Spanish Residency (now TIE) rules


Posted and filed under General Articles of Interest, Legal Paperwork (NIE, Residencia, Padron), Medical Care in Spain, Spanish Residency.

Spanish Residency rules

What is a Spanish Residency or TIE?

The Residencia now TIE is a joint Residency/NIE card. The rules for Spanish residency were introduced in July 2012. It states that within 90 days of arriving in the country and with the intent of taking up permanent residence persons must register at the local Oficina de Extranjeros (literally meaning Office for Foreigners) for a Residencia (now TIE).

What is a NIE number?

The NIE number in Spain is the personal and unique tax identification number. That is used to track all financial and legal activities in Spain.

The Spanish NIE number acts as a tax and identification number, and is used in all fiscal transactions that involve the Spanish tax office. You do not need to be Resident for this.

A NIE number is mandatory for:

  • All foreigners with financial
  • Professional or social affairs in Spain, regardless of whether they are a resident or non-resident in Spain.
  • Children also need a NIE number in order to, among other things, get social security.
  • If you are buying a property in Spain
  • Setting up a bank account
  • Buying a car and for many other transactions.

What does a Fiscal Resident Means?

A fiscal resident means you file income tax returns in Spain.

Health cover in Spain (SIP card)

To obtain free health cover (a SIP card) you need a Residencia now TIE. However to obtain a Residencia nnow TIE, you need to demonstrate you have health cover in Spain!

The solution is that people are having to take out a year’s private health insurance policy to show they have health cover until they get their SIP card and then cancel the health insurance.

How to get the Spanish Residency/TIE?

When you go to get your Residencia, you now have to jump through a lot more hoops and apart from having the correct application form, passport and paying a fee you now must also be able to prove both your financial ability to support yourself and any dependants and your healthcare arrangements.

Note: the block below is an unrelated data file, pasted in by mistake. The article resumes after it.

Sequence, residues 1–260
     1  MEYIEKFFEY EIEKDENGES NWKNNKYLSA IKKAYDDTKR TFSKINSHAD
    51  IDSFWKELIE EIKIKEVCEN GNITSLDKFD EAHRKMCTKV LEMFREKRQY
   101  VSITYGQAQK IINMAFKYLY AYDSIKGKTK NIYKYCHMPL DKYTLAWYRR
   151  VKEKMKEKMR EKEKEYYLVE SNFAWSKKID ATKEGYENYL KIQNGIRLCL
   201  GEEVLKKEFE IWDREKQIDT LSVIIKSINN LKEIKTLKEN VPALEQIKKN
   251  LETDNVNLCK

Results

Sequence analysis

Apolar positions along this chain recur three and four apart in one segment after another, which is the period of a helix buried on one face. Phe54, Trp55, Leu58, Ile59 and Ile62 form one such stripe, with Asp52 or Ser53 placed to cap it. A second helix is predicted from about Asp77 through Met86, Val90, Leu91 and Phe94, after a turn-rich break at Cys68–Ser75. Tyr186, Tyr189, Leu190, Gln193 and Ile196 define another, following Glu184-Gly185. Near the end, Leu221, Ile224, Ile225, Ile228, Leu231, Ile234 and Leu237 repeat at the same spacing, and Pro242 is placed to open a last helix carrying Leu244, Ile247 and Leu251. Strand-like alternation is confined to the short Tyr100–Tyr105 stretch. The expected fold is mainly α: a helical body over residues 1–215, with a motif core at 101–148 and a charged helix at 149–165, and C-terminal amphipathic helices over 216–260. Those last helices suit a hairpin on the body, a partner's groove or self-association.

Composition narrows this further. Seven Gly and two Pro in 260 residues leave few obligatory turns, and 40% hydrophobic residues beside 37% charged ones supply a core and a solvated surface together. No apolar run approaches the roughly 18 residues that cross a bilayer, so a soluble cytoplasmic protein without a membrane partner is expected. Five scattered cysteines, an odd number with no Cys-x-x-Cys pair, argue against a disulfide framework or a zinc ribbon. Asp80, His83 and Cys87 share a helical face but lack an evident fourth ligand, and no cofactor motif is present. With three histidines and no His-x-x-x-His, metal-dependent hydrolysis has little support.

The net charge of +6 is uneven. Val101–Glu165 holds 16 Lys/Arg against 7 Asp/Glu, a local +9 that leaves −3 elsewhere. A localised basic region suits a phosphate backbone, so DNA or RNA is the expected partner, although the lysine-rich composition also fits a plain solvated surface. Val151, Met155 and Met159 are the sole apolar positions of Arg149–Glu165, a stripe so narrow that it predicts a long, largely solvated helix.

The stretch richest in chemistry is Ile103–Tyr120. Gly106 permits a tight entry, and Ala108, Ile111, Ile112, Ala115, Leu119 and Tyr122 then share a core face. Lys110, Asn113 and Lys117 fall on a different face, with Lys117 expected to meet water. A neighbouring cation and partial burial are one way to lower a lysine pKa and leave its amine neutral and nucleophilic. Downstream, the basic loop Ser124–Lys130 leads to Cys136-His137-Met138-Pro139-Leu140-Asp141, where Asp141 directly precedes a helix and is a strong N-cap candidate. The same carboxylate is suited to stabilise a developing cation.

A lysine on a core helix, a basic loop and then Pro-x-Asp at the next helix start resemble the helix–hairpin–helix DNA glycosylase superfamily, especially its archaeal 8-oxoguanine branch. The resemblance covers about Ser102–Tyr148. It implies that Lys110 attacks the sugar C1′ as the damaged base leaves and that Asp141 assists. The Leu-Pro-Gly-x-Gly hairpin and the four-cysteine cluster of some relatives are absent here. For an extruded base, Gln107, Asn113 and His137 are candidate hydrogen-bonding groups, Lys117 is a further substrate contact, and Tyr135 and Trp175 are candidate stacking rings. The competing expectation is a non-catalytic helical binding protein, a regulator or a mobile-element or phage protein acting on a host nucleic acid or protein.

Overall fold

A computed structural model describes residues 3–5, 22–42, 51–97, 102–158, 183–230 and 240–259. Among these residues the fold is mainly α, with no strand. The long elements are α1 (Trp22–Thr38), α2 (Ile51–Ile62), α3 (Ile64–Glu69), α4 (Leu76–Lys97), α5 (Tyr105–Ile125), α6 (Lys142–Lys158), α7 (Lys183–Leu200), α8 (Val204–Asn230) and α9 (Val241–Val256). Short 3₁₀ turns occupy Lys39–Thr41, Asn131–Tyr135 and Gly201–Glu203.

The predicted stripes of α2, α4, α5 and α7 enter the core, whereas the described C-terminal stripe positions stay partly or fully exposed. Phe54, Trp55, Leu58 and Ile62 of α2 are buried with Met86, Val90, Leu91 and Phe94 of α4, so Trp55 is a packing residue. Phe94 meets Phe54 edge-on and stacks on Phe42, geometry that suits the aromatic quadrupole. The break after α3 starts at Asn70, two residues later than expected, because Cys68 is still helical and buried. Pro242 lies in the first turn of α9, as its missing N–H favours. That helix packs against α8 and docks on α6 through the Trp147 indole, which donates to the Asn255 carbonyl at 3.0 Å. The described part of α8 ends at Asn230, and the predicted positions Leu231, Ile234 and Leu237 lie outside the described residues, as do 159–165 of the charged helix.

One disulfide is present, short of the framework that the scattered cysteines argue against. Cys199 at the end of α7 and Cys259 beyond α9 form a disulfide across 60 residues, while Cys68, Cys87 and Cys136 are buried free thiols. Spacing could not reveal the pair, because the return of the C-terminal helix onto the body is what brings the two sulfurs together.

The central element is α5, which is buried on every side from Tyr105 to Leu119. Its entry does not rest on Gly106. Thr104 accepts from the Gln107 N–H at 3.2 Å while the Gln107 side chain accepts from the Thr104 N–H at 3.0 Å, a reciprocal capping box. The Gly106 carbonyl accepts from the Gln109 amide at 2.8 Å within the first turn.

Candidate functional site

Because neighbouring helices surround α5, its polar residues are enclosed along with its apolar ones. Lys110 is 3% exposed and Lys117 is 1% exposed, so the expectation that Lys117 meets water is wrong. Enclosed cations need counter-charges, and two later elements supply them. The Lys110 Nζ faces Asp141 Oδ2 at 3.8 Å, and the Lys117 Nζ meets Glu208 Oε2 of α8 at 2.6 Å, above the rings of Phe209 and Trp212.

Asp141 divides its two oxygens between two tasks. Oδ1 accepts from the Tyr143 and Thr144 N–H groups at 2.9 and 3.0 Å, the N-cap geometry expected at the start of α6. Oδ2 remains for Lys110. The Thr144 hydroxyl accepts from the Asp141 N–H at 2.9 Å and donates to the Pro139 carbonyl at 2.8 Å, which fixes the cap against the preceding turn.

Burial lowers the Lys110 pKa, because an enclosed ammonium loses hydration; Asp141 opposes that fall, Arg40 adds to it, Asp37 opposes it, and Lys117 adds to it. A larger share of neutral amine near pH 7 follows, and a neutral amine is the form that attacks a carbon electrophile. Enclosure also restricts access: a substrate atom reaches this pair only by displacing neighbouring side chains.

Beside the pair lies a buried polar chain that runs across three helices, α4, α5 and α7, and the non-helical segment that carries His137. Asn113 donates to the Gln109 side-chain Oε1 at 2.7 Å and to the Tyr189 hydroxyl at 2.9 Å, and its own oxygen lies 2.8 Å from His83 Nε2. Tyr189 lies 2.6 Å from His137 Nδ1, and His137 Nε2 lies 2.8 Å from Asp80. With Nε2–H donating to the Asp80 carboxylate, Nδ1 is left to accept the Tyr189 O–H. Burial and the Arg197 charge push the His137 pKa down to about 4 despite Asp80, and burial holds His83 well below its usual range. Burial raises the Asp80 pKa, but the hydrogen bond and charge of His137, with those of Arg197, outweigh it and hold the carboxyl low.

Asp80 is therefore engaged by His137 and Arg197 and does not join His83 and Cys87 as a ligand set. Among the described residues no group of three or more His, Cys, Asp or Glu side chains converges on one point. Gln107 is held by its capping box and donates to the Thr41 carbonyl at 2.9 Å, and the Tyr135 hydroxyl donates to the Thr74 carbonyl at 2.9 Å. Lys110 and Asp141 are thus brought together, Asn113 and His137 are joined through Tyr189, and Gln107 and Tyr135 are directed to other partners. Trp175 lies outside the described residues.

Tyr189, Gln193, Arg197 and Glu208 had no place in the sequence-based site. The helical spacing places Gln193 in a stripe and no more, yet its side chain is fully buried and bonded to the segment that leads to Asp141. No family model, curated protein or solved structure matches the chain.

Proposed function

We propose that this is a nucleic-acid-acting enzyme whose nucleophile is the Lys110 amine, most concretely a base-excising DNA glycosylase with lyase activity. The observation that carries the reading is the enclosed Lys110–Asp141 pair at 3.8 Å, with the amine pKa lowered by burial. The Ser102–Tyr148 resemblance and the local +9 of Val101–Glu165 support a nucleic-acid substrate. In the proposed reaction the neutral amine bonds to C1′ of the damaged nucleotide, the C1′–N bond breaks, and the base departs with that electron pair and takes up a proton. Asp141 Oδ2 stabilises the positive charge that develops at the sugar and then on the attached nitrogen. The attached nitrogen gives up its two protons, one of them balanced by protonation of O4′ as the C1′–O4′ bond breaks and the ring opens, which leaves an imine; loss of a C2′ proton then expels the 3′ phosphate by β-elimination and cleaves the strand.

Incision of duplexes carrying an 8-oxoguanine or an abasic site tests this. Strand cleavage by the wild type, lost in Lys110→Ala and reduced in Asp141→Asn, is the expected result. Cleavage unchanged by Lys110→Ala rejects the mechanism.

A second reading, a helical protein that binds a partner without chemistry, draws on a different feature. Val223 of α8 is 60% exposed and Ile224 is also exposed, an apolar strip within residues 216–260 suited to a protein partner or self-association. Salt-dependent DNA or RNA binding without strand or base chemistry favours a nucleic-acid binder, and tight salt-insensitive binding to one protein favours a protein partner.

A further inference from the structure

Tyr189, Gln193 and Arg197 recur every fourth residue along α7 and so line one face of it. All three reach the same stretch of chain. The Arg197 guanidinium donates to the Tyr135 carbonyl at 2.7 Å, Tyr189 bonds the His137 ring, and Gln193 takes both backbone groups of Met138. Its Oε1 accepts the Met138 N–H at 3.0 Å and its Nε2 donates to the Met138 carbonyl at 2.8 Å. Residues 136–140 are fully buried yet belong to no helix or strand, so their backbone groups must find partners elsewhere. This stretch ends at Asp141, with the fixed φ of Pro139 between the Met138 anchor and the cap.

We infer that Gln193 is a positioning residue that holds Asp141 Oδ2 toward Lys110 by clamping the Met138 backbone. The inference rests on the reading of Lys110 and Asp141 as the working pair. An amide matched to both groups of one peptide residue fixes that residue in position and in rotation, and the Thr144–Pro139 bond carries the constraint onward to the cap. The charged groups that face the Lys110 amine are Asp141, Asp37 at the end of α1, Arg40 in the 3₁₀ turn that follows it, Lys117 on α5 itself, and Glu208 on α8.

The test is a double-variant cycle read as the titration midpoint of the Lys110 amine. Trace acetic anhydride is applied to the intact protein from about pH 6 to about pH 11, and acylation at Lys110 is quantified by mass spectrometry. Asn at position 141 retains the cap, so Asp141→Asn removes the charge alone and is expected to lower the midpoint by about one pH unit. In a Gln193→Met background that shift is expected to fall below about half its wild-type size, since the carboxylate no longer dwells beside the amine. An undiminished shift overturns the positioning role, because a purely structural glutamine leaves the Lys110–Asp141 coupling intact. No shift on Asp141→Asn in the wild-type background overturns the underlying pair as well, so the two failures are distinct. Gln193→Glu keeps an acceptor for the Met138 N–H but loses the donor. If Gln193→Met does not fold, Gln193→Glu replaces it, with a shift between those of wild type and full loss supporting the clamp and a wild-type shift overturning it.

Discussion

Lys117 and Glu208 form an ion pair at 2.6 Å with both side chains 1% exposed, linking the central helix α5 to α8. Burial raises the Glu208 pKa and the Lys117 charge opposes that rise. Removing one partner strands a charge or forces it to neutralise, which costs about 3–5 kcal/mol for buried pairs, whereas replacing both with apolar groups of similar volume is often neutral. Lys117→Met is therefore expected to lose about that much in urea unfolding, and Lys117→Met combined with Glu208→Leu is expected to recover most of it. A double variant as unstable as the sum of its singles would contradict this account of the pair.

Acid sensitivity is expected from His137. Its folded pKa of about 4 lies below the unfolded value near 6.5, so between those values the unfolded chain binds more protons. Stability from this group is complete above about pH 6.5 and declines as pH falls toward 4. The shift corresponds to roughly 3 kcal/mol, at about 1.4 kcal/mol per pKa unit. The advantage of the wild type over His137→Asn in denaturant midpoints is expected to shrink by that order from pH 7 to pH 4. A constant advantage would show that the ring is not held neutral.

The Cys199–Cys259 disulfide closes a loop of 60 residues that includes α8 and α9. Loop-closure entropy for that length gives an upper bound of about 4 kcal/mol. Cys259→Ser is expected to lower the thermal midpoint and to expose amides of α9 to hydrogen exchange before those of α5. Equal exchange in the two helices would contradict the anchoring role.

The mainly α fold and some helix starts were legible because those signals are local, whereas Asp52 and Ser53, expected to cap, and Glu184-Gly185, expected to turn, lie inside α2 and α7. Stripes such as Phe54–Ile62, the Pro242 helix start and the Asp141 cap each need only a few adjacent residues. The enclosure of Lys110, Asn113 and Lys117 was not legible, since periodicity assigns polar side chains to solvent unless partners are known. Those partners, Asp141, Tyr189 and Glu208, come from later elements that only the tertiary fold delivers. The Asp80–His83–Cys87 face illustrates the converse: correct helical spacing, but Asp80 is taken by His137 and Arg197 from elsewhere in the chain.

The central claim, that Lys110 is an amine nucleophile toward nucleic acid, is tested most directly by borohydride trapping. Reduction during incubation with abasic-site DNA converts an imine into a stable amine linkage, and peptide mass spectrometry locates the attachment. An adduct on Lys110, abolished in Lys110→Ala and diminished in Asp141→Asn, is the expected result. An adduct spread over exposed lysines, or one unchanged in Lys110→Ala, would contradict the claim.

Regarding the financial ability, for those with pensions, whether government or private, it is easier. Persons without guaranteed pension income will need to show proof of funds, or a job contract or other suitable financial data.

How to become Spanish Fiscal Resident?

You will need your Residencia to get a fiscal residency certificate and be registered as Self-Employed with the tax authorities. Of course, when you are self-employed, and you pay social security, you get free healthcare.

In time we believe things will settle down and become easier. In the meantime, please do contact us if we can be of any help.


  • Dave wilson

    After brexit will i be able to stay in spain for 6 weeks then back to uk for 6 weeks and then return to spain for 6 weeks and carry on like that all year.

    • Ian C.

      Hello Dave,

      One of the most common questions we are asked is just this- Yes we don’t see any restrictions on spending this amount of time in Spain. Be careful, if you stay longer than 183 days, you’ll be expected to declare your tax here.
      Good luck and enjoy Spain, ian

  • Margaret Tyrell

    I live in South Africa and want to move to Spain in the foreseeable future. I am a British citizen and also a South African citizen.
    My son and his wife reside in Barcelona and are settled there. I do know from the Spanish Embassy here that I will require a visa. I want to know what more am I required to do? I am retired and I receive a widow’s pension from Italy, my Late husband was from Italy.
    I would appreciate any guidance you can provide.

  • Paul Barrington

    I have a property in Tenerife and am wanting to live permanently there now I am divorced.
    I do have an NIE number and will be depositing a considerable amount of money in my bank there. Can I apply to become a resident, on the Island and how long does it take?

  • Frank Smith

    I established Spanish residency via a TIE prior to Brexit, but have had trouble finding work here. Instead, I’ve found Summer employment outside the EU which pays more, anyway. I heard you can’t spend more than 180 days out of the country over a 12-month rolling period or risk losing Spanish residency. I also heard you can’t spend a cumulative 12 months out of the country for the first five years or the same applies. Is any of this true under the Brexit agreement?

    • Nicola Ryan

      Thank you for your enquiry Frank,

      In order to know the maximum time you can be out of the country with a temporary residence (under 5 years), as per the Article 162.2 of Royal Decree 557/2011, you must take into account two different conditions;

      Firstly, you must not be outside Spain for more than 6 months within a period of one year.
      In the case of sporadic departures (in your first year in the country 1 month, in the second 3 months, etc.); the sum of these periods outside Spanish territory during the last 5 years may not exceed 1 year.

      We hope this helps.
      Kind regards

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